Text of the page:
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Every composer writes whatever the heck he wants. Ultimately we have to try to get into his head and FEEL what he wanted. However, I will give you my knee-jerk reaction to these terms when I come across them while sight-reading in an ensemble situation. I tend to think of rallentando as not particularly subtle. Ritardando could be subtle or it could be ...


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Oxford Dictionary of Music gives the following help. RITARDARDE, RITARDANDO, RITARDATO (It.) 'To hold back.' 'Holding back' Held back.' (gradually, ie the same as as Rallentando.) ALLARGANDO (It.) 'Enlarging', ie getting slower and slower and fuller in tone. Source THE OXFORD COMPANION TO MUSIC 10TH EDITION.


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Ritardando and ralletando both mean gradually getting slower and according to my AB guide to music theory book they are both supposed to imply a gradual slowing down. And allargando means broadening, implying getting a little slower and probably also a little louder. execution does change in some cases there is no doubt. Because one of the pitfalls with ...


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I will make the suggestion that your problem here is not the instrumentation, but the low skill level of the instrumentalists. Arranging for low-level band is a complete art and specialization in and of itself. Unless every one of your players is a prodigy, there is likely to be a very limited set of rhythms, and even notes that you will be able write for ...


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As the poster above me mentioned, Rimsky-Korsakov's book is a great resource, along with Kent Kennan's Technique of Orchestration, and Samuel Adler. There's many orchestration books out there, and be sure to do some research on voice leading and counterpoint. Watch some videos showcasing each instruments' ranges, timbres, and qualities. Also, get yourself ...


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You don't need to play an instrument in order to write for it. After all, the vast majority of people don't play every orchestral instrument (at least not well; music ed majors typically have to learn a bit of everything but they're not expected to achieve anything close to mastery). It's just important that you know how every instrument works so that you ...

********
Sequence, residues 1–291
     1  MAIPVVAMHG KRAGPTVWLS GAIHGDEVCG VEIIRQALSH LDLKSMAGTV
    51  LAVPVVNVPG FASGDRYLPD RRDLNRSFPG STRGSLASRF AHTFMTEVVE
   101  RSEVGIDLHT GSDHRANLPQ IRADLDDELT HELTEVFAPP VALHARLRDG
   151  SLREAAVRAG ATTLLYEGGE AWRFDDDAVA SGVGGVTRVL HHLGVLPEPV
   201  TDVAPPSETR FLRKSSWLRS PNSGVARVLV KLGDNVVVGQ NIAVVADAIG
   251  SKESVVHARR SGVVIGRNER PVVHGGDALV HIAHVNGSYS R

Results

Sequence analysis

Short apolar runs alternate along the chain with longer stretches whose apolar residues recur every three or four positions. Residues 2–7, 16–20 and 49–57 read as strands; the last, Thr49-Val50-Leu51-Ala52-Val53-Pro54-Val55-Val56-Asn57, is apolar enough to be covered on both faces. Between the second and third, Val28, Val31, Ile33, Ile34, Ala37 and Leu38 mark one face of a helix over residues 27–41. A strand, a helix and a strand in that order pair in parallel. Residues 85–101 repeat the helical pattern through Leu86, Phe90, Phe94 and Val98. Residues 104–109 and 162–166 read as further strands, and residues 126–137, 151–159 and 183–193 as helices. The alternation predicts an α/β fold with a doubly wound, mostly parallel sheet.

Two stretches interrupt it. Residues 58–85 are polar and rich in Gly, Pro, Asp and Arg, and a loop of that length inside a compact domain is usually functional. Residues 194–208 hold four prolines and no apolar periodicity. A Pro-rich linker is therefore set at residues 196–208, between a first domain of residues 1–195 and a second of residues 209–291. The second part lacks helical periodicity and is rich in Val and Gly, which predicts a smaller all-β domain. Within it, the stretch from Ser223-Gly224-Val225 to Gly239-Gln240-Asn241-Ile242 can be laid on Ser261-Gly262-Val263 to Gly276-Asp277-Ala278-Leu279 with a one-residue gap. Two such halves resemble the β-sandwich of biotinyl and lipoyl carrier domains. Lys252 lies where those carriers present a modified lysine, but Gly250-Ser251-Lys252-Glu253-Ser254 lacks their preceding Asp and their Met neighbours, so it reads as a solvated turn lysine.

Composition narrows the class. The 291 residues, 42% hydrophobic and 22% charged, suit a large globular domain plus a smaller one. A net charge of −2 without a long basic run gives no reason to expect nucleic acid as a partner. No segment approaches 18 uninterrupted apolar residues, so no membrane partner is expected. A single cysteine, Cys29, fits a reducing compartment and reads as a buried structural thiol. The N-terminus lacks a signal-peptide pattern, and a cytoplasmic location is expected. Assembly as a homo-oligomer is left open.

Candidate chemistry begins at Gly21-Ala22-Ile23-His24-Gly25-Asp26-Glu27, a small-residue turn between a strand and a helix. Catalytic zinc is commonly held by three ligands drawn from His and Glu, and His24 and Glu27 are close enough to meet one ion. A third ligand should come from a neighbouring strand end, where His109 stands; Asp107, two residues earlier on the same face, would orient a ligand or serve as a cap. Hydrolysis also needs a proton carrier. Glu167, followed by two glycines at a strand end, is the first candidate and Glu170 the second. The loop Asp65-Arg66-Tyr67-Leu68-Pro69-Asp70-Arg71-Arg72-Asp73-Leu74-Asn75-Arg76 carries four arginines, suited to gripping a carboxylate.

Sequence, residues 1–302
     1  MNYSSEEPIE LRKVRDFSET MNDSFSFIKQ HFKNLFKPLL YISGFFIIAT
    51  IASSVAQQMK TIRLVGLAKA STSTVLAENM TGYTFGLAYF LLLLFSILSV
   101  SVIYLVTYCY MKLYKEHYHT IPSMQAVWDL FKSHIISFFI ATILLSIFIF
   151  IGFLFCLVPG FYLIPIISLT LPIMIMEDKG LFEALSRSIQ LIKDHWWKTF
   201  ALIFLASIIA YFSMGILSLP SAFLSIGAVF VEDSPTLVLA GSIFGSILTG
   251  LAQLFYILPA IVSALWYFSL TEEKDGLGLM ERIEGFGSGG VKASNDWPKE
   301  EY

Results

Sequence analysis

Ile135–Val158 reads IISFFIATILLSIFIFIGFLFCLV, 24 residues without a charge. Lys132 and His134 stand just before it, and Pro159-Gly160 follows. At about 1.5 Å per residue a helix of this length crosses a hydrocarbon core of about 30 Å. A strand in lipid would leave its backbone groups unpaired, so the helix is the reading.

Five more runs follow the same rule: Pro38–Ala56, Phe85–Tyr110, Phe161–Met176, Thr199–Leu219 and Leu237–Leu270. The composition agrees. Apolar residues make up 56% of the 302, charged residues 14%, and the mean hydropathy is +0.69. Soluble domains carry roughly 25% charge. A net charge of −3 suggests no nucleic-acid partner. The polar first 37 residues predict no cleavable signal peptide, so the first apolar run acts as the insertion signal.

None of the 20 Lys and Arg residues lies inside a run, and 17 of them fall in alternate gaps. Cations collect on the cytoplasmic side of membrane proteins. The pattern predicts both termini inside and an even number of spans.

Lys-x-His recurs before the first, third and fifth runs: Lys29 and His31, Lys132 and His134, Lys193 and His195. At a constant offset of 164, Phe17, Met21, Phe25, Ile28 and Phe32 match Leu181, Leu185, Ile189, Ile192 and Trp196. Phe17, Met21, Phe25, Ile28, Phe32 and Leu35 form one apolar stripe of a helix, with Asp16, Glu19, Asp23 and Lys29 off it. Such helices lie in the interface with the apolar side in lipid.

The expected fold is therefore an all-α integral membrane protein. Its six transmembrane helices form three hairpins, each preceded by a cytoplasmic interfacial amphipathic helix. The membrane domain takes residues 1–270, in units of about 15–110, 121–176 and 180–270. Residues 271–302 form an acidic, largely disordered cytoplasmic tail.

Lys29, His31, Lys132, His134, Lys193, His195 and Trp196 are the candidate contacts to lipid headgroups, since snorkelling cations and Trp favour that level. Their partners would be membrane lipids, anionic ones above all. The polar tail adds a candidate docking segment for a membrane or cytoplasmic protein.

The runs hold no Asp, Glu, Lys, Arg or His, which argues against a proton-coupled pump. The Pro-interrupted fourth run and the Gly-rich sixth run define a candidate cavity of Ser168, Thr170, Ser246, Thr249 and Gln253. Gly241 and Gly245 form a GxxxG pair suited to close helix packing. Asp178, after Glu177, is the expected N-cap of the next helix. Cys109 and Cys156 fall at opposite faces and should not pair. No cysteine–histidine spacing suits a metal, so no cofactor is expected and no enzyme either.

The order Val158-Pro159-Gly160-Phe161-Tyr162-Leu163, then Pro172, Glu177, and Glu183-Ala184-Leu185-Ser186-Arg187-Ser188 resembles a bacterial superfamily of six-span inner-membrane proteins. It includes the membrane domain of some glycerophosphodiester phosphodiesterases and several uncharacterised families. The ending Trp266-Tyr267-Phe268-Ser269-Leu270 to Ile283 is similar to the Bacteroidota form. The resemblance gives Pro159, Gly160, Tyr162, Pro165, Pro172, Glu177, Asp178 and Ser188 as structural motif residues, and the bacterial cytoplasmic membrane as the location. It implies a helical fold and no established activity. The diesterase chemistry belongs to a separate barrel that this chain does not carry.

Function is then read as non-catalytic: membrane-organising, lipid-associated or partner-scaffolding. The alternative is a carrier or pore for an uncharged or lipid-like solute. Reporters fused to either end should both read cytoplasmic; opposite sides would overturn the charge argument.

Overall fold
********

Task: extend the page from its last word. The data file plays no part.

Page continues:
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Amateur pop composer thoughts: the augmented tonic gives a method of moving to the relative minor (vi) with an "ascending" (and chromatic) feel. As opposed to using, for example, the iii chord, which feels kinda "descending". Good example is Frank Loesser's "Inchworm".


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Play the C minor (harmonic) scale and form chords (i.e. tonic, supertonic, etc) and discover that it's your Mediant (3rd note) - hence they can work very much in minor compositions but they work more as modulations helping to resolve within the notes/chord tones. Alternatively, you can push deeper a whole tone ahead or a sub dominant.


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Which brings me to my question, how DO you write successive, non-functional chord progressions like chromatic ascending/descending bass? You write them using pencil and paper, sometimes a computer, sometimes just in your head, sometimes as you play an instrument. I believe your real question is how do you create successive non-functional ...


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The whole purpose of a progression is to move from one harmonic entity to another. If you want to approach this by the non-functioning-harmony-way you would have to look at the building pieces of chords which are the intervals. Every chord you build, even the most wild one, consists of some intervals built upon a fundamental tone. (For example a C major ...


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You obviously know a lot about theory, but always be aware that theory is someone's attempt to explain what has happened. None of this theory has passed into 'law', so it's still 'theoretical'. Before the theories, folks were writing and playing music. It stood or fell on its own merits. O.k. some of it was way before its time, so was not accepted when it ...


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To add to all the very good answers - consider reading a treatise on orchestration in your spare time. Ravel's and Stravinskij's are public domain, as is Rimskij-Korsakov's: http://www.gutenberg.org/files/33900/33900-h/33900-h.htm I realize how absurdly wacky this sounds, especially since it's not exactly a light read, but in there are exposed some ...



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